My server is slower than the average user's computer, should I still offload Access queries to SQL Server? [closed]
- by andrewb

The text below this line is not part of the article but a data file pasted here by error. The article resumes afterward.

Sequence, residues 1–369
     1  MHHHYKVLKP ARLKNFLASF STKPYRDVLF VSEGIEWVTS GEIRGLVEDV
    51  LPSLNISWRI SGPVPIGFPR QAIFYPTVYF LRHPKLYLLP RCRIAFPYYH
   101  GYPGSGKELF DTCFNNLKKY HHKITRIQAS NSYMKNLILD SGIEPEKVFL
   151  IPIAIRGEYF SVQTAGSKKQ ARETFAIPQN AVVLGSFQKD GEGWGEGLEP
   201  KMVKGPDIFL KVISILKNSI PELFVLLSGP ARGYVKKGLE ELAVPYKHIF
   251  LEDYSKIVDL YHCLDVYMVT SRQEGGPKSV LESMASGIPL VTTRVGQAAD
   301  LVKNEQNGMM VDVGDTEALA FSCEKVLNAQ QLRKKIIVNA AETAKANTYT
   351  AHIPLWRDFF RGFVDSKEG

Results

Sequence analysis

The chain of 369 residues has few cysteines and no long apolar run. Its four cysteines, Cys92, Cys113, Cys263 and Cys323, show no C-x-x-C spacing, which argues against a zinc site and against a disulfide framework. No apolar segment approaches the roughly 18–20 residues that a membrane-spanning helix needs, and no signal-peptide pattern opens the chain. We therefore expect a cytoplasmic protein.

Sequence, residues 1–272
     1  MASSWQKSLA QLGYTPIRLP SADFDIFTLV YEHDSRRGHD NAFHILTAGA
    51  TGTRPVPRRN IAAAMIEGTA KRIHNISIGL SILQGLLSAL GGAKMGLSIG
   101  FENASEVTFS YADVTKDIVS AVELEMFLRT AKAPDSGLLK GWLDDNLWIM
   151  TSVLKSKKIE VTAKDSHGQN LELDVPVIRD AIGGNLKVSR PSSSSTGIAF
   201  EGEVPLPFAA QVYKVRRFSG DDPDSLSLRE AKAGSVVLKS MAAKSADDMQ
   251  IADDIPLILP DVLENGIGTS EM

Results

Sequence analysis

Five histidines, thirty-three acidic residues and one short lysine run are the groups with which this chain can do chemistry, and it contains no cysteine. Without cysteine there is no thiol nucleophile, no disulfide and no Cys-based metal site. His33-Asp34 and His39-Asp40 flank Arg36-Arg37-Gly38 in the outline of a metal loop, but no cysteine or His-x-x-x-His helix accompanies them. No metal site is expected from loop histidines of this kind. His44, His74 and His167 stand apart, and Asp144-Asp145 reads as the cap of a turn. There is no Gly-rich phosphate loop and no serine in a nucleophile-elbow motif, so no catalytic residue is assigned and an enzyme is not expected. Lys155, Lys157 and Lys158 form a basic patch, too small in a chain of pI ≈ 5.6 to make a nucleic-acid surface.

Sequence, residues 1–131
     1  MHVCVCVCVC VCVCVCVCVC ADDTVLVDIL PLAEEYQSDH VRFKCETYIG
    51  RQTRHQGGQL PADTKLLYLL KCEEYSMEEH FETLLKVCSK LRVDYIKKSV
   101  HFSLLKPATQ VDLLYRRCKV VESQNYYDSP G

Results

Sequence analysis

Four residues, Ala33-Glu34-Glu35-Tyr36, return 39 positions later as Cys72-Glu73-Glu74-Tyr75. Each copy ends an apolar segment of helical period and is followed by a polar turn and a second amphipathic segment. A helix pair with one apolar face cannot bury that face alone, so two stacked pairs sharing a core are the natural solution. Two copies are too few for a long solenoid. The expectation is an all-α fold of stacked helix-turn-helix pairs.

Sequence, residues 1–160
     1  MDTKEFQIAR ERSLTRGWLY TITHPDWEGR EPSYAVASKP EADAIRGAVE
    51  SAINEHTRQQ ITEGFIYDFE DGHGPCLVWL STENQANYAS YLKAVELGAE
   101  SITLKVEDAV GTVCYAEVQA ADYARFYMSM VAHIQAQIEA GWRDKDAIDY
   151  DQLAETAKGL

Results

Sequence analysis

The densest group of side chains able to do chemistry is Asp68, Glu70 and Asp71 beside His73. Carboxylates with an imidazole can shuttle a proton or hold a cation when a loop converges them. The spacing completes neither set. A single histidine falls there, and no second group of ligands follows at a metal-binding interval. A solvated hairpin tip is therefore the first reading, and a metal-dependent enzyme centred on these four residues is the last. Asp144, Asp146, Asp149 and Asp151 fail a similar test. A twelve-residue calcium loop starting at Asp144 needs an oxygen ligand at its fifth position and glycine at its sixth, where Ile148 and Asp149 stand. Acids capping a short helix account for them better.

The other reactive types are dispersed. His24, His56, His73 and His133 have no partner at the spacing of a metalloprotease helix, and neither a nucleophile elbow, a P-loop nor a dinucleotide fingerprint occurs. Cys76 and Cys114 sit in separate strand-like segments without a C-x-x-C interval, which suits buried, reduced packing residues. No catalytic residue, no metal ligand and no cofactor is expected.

Possible Duplicate: How do you do Load Testing and Capacity Planning for Databases I have a database set up with MS Access 2007 front ends and an SQL Server 2005 back end. At the moment, all the queries are saved in the front end as I've only recently moved to an SQL Server backend. I'm wondering how much of those queries I should save as stored procedures/views on SQL Server. About the system The number of concurrent users is only a handful, though it could be as high as 25 at one time (very unlikely). The average computer has an Intel i3-2120 CPU running at 3.3 GHz, which gets a PassMark score of 3,987, whilst the server has an Intel Xeon E5335 running at 2.0 GHz, which gets a PassMark score of 2,637. Always an awkward situation when an i3 outperforms a Xeon... though the i3 is from Q1 2011 and the Xeon is Q2 2009. There is potential for a server upgrade in the future, though it wouldn't come easy. I'm inclined to move the queries to the back end, as they are beginning to take noticeable time and I figure that is a better way of doing things. I like the idea of throwing everything at the server, then pushing for a server upgrade. It makes more sense in my mind to be upgrading one server rather than 30 PCs. Or am I being overzealous? Why my question isn't a duplicate It seems that my question has been misinterpreted and labelled a duplicate of quite a different question, one about testing and capacity planning. I'll try explain how my question is very different from the linked question. The crux of my question is something like "Even though my server is technically slower, is it better to have it doing more of the queries?" There's two ways that people could have answered this: I agree the server is going to be slower, but the extra benefits of such and such (like the less Access the better) means you should move most to the server anyway. (OR no it doesn't outweigh the benefit, keep them in Access) Actually the server will be faster because of such and such. I'm hoping that people out there could provide some answers like this, and the question in the dupe link doesn't really provide either of these answers. Ok sure, I suppose I could do extensive performance testing to compare Access queries running on a local machine to SQL Server queries running on the server, but that sounds like a very hard task (particularly performance testing of access) compared to someone giving some quick general guidance, and again, my question is looking for a lot more than immediate performance benefit.